In medical terms, a bunion, or hallux valgus, is a bony bump that forms around the joint at the base of your big toe. This joint is one of the most important parts of your foot, bearing most of your body weight. The bony bump is caused by the head of the first metatarsal bone (the long bone) behind the big toe angling out from the foot. This causes the joint to swell, pushing the big toe in towards the adjacent toes. The result is pain on the side of your foot, arch pain, and discomfort throughout the adjacent toes as well.
Bunions are sometimes genetic and consist of certain tendons, ligaments, and supportive structures of the first metatarsal that are positioned differently. This bio-mechanical anomaly may be caused by a variety of conditions intrinsic to the structure of the foot, such as flat feet, excessive flexibility of ligaments, abnormal bone structure, and certain neurological conditions. These factors are often considered genetic. Although some experts are convinced that poor-fitting footwear is the main cause of bunion formation, other sources concede that footwear only exacerbates the problem caused by the original genetic structure. Bunions are commonly associated with a deviated position of the big toe toward the second toe, and the deviation in the angle between the first and second metatarsal bones of the foot. The small sesamoid bones found beneath the first metatarsal (which help the flexor tendon bend the big toe downwards) may also become deviated over time as the first metatarsal bone drifts away from its normal position. Arthritis of the big toe joint, diminished and/or altered range of motion, and discomfort with pressure applied to the bump or with motion of the joint, may all accompany bunion development. Atop of the first metatarsal head either medially or dorso-medially, there can also arise a bursa that when inflamed (bursitis), can be the most painful aspect of the process.
The most common complaint with bunions is pain that develops over the large bump due to shoe pressure. A red, inflamed area can develop, called a bursa. With ongoing pressure, the inflammation can cause throbbing, as it presses against the blood vessels, or swelling in the joint. Shooting pains occur when the swelling presses against the nerve. If left untreated, the constant irritation can lead to arthritis that breaks down the joint, resulting in pain and stiffness.
Bunions are readily apparent, you can see the prominence at the base of the big toe or side of the foot. However, to fully evaluate your condition, the Podiatrist may arrange for x-rays to be taken to determine the degree of the deformity and assess the changes that have occurred. Because bunions are progressive, they don't go away, and will usually get worse over time. But not all cases are alike, some bunions progress more rapidly than others. There is no clear-cut way to predict how fast a bunion will get worse. The severity of the bunion and the symptoms you have will help determine what treatment is recommended for you.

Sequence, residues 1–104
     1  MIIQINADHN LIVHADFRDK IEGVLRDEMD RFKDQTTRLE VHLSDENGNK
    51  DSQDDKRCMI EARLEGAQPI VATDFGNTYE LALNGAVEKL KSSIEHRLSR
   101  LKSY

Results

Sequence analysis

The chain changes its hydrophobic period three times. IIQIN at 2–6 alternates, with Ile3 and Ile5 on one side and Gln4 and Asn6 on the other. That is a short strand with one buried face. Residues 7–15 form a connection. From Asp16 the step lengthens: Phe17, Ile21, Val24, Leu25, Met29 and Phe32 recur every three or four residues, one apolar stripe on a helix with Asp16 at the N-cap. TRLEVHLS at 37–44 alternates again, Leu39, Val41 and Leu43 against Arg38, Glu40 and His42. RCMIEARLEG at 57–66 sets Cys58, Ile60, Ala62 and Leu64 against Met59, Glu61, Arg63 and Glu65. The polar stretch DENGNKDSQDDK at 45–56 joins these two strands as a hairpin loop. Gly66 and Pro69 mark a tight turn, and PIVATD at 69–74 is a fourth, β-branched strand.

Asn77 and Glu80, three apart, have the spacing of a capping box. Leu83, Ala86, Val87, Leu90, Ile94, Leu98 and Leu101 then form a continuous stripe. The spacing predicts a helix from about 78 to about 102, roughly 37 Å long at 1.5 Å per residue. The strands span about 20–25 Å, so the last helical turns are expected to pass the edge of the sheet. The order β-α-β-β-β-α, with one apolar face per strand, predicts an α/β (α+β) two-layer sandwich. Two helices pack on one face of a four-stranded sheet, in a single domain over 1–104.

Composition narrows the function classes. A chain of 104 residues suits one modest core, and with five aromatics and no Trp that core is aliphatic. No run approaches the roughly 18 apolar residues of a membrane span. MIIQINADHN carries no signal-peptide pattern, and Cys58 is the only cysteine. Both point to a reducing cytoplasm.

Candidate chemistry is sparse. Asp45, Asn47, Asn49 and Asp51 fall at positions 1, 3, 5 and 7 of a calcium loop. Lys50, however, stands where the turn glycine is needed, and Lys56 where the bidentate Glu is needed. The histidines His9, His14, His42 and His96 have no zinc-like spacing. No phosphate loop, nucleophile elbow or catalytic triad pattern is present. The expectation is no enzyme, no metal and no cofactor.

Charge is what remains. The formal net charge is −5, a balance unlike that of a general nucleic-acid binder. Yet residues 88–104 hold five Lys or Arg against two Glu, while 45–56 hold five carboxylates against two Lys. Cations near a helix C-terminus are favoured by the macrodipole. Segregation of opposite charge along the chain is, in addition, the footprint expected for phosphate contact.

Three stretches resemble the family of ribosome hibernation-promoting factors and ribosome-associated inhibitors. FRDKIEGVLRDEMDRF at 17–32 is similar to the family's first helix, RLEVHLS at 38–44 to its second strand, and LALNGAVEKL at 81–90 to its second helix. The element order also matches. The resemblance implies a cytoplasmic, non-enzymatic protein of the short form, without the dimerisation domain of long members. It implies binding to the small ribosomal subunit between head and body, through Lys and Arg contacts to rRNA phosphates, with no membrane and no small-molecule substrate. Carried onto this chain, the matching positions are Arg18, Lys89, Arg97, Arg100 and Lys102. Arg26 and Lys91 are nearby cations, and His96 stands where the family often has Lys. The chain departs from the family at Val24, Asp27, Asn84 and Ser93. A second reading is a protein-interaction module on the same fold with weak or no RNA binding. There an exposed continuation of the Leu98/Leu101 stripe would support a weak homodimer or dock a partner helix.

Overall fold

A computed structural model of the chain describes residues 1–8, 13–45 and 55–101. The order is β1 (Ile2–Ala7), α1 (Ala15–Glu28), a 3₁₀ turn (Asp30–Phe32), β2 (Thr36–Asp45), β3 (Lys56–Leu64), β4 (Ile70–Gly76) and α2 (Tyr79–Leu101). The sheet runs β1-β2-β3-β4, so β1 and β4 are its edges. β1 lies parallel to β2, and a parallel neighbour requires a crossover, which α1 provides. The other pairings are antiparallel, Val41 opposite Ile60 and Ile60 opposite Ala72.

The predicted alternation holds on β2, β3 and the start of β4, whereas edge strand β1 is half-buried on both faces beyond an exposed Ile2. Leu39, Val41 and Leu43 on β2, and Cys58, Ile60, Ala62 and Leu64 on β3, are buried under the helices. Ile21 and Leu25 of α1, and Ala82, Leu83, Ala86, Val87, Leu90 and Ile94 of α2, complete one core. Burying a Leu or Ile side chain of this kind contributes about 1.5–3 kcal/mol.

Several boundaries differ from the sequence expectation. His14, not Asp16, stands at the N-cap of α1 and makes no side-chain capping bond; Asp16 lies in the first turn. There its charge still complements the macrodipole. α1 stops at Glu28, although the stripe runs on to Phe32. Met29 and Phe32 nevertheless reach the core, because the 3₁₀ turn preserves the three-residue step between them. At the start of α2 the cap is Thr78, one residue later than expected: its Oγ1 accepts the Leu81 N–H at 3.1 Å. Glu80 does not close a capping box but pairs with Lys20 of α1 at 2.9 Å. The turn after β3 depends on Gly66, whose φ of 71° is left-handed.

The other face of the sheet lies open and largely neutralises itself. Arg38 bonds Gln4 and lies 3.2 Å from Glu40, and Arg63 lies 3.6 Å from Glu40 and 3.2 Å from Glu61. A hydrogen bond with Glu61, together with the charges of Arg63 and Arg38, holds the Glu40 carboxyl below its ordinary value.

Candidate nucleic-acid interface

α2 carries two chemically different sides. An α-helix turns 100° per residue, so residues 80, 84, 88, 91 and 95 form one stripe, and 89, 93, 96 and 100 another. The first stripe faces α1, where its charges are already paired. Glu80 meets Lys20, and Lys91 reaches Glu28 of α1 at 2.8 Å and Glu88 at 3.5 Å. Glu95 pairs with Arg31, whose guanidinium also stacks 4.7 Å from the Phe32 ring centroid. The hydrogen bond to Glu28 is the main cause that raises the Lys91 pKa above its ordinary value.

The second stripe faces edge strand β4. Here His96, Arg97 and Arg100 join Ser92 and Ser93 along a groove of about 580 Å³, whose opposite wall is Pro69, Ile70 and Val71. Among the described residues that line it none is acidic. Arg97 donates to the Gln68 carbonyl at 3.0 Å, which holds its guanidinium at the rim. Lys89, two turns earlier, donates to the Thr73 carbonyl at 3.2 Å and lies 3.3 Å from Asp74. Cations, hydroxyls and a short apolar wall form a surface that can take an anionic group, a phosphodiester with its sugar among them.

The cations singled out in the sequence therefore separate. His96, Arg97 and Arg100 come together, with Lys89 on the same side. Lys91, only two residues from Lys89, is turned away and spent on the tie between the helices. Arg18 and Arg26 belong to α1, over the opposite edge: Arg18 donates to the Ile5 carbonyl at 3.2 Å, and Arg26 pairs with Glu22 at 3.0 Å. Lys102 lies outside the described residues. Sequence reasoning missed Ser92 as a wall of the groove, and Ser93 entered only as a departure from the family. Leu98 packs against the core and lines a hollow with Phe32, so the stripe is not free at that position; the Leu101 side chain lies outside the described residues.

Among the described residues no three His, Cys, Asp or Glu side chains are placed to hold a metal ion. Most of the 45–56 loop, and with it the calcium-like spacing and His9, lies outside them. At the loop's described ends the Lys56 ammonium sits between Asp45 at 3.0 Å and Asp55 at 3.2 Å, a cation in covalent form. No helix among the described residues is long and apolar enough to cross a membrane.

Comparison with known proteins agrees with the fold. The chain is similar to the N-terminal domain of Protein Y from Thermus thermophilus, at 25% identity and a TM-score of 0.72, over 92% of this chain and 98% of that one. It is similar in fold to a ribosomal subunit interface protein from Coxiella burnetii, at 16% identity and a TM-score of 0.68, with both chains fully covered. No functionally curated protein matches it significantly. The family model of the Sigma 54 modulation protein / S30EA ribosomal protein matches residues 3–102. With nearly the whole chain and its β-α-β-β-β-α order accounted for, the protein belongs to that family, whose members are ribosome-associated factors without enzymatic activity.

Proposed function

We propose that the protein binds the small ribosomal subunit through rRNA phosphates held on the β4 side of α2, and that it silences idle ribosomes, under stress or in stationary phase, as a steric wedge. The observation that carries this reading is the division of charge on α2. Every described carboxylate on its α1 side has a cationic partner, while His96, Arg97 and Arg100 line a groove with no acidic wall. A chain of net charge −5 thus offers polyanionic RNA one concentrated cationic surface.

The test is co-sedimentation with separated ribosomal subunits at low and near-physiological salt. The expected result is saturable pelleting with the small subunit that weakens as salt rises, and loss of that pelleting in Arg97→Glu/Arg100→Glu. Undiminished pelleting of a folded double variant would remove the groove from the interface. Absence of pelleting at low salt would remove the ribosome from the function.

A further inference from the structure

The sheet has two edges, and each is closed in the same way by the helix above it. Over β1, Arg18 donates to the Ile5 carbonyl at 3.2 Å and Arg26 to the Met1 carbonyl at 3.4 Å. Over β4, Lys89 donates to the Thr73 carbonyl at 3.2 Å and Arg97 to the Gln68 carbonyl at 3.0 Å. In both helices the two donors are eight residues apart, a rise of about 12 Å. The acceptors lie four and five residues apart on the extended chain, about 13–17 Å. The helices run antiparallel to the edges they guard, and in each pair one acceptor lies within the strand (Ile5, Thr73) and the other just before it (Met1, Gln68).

Non Surgical Treatment
Your doctor may recommend a prescription or over-the-counter pain reliever, as well as medication to relieve the swelling and inflammation. A heat pad or warm foot bath may also help relieve the immediate pain and discomfort. A few people may obtain relief with ice packs. If your bunion isn't persistently painful and you take action early on, changing to well-made, well-fitting shoes may be all the treatment you need. Your doctor may advise use of orthoses (devices that are used to improve and realign the bones of your foot), including bunion pads, splints, or other shoe inserts, provided they don't exert pressure elsewhere on the foot and aggravate other foot problems. In some cases, an orthotist (someone trained to provide splints, braces and special footwear to aid movement, correct deformity and relieve discomfort) can recommend shoes with specially designed insoles and uppers that take the pressure off affected joints and help the foot regain its proper shape.
Surgical techniques can now not only move the wayward bones into proper alignment but also slide the first metatarsal downwards so that its head is pushed into a normal position. In its proper position, the metatarsal bone can help prevent the over-pronation that caused the formation of the bunion. Combined with proper orthotic devices, this type of surgery has provided excellent results.